Magic in the Mountains
We planned this for a year. Friends had already been there, but I had missed out. Two prior attempts had been nixed.
One of the premier geologic formations in the vast Bob Marshall Wilderness beckoned. My brother and I were going to the Chinese Wall.
On a hot Sunday afternoon, my husband, Steve, and daughter, Abby, helped us load two pack horses and then we swung into our saddles. Steve and Abby would put up Graham Ranch hay until they met us at the other end of our 60-to-70 mile trip.
It didn’t take long to fall into a rhythm of the horses’ footsteps and rocking packs. The forest scents refreshed my brain even as sweat dripped under my sunglasses.
Still, I was a bit anxious. A twinge of guilt at leaving Steve to put up hay while I stepped away from the ranch nibbled at the back of my mind, even though I was pretty sure he would remember Abby’s swimming lessons each day. I checked and rechecked the horses’ shoes – yep, all 16 were still on. Checked packs, too — all were even so far. Did I remember to bring everything we might need?
Unease stemmed from more than just forgotten forks and potential mayhem.
My older brother and I were an unlikely pair.
Mark, a Marine from the 1980s – once a Marine, always a Marine – is tough and savvy, but never spent much time around horses. As kids, I’m sure he was nice to me, but it is easier to remember the times he wasn’t. By the time he was home from the service, I had moved away. Our visits as adults were always short and crowded with other demands. This much time alone and without distractions was new to us.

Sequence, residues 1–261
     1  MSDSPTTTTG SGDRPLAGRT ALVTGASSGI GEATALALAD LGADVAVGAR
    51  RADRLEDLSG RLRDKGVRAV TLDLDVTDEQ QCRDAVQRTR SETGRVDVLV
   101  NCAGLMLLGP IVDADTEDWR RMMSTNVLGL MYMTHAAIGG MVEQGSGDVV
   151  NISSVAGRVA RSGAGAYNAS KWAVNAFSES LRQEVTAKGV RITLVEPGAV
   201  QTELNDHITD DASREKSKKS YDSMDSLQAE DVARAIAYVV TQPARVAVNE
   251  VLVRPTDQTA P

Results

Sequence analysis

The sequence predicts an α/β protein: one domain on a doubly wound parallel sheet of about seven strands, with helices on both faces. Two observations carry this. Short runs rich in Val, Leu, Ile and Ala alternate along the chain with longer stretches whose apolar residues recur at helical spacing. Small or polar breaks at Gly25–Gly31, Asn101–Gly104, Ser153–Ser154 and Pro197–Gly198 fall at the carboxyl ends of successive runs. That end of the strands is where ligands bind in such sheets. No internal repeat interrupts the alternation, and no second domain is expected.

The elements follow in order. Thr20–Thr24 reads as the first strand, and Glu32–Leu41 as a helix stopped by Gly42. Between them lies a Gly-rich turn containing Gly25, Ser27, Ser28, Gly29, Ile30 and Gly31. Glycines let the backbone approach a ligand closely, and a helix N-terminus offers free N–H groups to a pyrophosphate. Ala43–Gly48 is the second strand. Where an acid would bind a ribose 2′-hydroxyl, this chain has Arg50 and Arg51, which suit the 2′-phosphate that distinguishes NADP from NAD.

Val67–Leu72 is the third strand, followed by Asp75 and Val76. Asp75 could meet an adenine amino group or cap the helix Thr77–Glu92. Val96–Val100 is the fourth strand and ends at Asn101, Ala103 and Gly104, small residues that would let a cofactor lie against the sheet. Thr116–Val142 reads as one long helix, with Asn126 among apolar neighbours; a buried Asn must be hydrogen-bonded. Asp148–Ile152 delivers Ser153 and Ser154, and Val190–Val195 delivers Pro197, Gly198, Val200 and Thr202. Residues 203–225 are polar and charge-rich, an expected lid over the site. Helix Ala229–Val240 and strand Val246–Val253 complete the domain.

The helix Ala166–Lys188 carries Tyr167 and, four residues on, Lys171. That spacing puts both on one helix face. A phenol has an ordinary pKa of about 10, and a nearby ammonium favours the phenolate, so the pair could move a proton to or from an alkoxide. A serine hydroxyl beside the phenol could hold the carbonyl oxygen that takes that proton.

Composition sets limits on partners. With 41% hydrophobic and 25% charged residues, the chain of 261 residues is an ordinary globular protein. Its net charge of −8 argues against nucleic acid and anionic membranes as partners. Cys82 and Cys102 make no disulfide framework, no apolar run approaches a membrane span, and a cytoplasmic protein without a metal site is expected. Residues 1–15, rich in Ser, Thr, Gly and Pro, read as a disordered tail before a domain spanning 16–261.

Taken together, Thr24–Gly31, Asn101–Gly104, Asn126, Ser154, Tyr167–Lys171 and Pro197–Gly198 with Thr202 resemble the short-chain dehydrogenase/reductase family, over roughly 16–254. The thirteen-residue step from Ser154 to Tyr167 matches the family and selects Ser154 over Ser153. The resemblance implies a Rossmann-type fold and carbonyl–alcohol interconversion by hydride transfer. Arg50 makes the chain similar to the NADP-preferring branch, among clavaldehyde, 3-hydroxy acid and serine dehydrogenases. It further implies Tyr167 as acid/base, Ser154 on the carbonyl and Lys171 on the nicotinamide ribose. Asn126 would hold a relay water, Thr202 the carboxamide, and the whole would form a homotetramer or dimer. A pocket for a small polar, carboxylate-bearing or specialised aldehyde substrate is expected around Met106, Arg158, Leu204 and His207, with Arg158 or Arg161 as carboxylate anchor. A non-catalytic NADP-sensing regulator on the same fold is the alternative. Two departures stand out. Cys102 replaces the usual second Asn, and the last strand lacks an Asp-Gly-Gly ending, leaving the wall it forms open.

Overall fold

This was an adventure in geography, self-reliance and family dynamics.
As we rode higher and higher, I felt my spirit and confidence rising with the trail. The Bob Marshall mountains insist a person pays attention to the moment. We – both humans and horses – were just fine.
Then, my first glimpse of the Wall.
Rising 1000 feet straight up from the forest floor, the immensity and power of the 20-mile enormity of granite diminishes a person, allowing the might of the natural world to flow around and into her.
The faces watched us.
Mark and I rode in silence, yet both of us saw hundreds of faces in the Wall. Were they faces of those who came before us? Those who will come later?
We slept at the bottom of the Wall that night, serenaded by thunder and a lightning show.
As we visited over coffee the next morning, three curious mule deer bucks investigated our camp and horses. They circled us, unconcerned, until we began to pack up.
We had a 3-day ride out through wildfire burns, spongy forest and conversation. Mark and I talked about so many things that needed to be said. We realized we are a team, both in the mountains and in our family. We are a pretty good team, too.
Teamwork helped as we climbed the last pass before the end of the trail. Usually, a rider can see where she is going to cross the mountains, but Route Creek Pass keeps a person guessing until the final pull. The top of the rocky, treeless pass makes her feel as if she is standing on top of the world.
About 20 feet from the top, the trail down splits. Which is the mountain goat trail and which is safe for pack horses? The “safe” trail is narrow, built on shale, and steep. No room for error here. This was a cumulative test of packing skill, horsemanship, cooperation and courage. Mark and I were glad the pack saddle cinches were tight.
Steve did not get to go on this trip, but he made it happen. He told me that my birthday present was shoeing four horses for my trip.
Really, he gave me the magic in the mountains.